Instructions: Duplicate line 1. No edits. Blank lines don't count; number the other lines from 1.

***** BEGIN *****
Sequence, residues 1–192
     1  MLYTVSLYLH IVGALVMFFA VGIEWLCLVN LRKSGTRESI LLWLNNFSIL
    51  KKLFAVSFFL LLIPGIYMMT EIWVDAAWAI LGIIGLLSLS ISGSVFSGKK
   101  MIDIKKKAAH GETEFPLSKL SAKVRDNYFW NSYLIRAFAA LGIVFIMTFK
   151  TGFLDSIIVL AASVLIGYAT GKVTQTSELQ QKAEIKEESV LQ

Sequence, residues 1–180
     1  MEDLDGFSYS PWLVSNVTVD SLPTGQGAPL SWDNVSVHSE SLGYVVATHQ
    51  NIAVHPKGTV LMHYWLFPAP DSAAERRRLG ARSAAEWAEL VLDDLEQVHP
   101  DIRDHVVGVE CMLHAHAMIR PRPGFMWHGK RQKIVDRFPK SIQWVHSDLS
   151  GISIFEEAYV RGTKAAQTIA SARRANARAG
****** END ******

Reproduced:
Sequence, residues 1–192